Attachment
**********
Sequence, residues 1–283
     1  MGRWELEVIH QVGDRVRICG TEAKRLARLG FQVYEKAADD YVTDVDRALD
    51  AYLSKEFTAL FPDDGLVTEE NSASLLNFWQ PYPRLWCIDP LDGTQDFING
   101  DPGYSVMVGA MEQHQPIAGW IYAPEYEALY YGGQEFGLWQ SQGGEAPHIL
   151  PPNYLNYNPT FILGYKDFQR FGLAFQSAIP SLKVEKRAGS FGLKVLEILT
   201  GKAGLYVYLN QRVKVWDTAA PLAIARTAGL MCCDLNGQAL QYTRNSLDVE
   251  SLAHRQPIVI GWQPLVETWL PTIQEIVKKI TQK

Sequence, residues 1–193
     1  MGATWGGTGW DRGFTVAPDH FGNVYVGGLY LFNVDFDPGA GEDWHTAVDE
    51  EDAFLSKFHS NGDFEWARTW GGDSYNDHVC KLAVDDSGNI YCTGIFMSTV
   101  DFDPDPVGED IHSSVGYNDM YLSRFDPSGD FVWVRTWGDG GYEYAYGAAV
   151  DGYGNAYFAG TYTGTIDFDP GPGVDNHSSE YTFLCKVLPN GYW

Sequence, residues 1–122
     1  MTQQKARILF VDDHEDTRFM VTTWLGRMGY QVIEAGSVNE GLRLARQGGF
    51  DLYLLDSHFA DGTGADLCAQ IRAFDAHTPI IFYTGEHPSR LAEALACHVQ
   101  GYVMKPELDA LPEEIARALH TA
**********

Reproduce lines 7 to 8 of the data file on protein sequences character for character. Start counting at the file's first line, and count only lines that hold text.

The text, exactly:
   251  SLAHRQPIVI GWQPLVETWL PTIQEIVKKI TQK

Sequence, residues 1–193